Top Ten Sewage Treatment Plant Problems and how to fix them.
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Signs that your SEWAGE TREATMENT PLANT isn’t working.
A properly installed sewage treatment plant should run smoothly. It should require very little input from the owner and provide many years of trouble-free service. The tank will require annual servicing as a legal requirement and to preserve the systems guarantee. The Tank will also need to be emptied at least annually. You should also avoid flushing or disposing of any nasty products such as tampons in line with the guidelines of your system.
With the help of Homeseptic wastewater experts to install your sewage treatment plant and carry out periodic maintenance and repair. Your plant will offer an effective alternative to mains sewerage. However, whether parts get worn or the system has been improperly used, problems can arise. Here we look at some common sewage treatment plant issues and the signs that something isn’t working as it should.
Sewerage treatment plants require annual maintenance by law. By ensuring this is done with your own system this will reduce the chances of costly problems. This will also ensure your systems guarantee is not made invalid and increase the lifespan of your system.
All sewerage treatment plants have a soakaway for the effective and safe dispersal of effluent into the surrounding ground. If the soakaway has a problem your sewage system will not work properly. You will also have signs and symptoms such as foul smells and the boggy waterlogged ground around the soakaway area.
Too much effluent (Overloading)
Sewage treatment plant overloading will inevitably lead to problems with the processing of wastewater and possible long term damage. The main sign of overloading your plant is poor quality effluent. This is because your tank is having to work too quickly to avoid backing up the system. The effluent will become visibly cloudy and grey. This may lead to you failing to meet environmental standards and potentially end up facing a fine or legal proceeding.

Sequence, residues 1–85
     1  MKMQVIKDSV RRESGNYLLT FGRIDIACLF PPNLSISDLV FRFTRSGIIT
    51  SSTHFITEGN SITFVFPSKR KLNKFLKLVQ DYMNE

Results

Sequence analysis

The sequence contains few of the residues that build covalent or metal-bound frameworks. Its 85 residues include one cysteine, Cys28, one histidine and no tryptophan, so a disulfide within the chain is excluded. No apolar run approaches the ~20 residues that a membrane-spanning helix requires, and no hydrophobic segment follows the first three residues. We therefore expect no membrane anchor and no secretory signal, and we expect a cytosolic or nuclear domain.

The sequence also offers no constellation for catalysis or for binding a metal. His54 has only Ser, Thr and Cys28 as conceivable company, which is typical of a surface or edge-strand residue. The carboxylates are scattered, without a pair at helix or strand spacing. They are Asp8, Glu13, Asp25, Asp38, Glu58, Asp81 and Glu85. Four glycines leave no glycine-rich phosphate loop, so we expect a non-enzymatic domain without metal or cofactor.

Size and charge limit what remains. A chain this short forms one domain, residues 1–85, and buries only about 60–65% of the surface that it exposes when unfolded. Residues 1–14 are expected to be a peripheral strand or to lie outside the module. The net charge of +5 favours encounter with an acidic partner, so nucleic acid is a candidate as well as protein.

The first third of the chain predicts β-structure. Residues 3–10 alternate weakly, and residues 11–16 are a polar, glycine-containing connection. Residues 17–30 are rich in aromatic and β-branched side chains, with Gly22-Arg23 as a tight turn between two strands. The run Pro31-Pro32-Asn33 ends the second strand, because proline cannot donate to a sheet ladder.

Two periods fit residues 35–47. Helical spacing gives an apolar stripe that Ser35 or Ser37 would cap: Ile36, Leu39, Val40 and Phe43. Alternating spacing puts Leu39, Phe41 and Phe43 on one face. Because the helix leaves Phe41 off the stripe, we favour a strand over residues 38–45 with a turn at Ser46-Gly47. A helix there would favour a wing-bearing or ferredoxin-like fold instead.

If you have recently added more discharge to the system then this could become a problem. In the event that you are going to increase the number of people using your sewerage system, you should contact your installer to check the system can cope with the extra discharge.
Alternatively, you may have surface water getting into your system. This kind of water should not be getting into your sewage treatment plant and you will need to divert it. Another sign of this is the pump running a lot or constantly.
Sewage pump or blower failing to turn on
If the pump or blower isn’t turning on, your system’s efficiency will drop and the plant may even cease to function. An alarm on your control panel should notify you if something has gone wrong. There are several possible causes, including a tripped breaker, electricity supply issues, defective equipment and overheating. If you reset the breaker and ensure there is no reason the blower would overheat. For example, a really high ambient temperature, then you should call us straight away.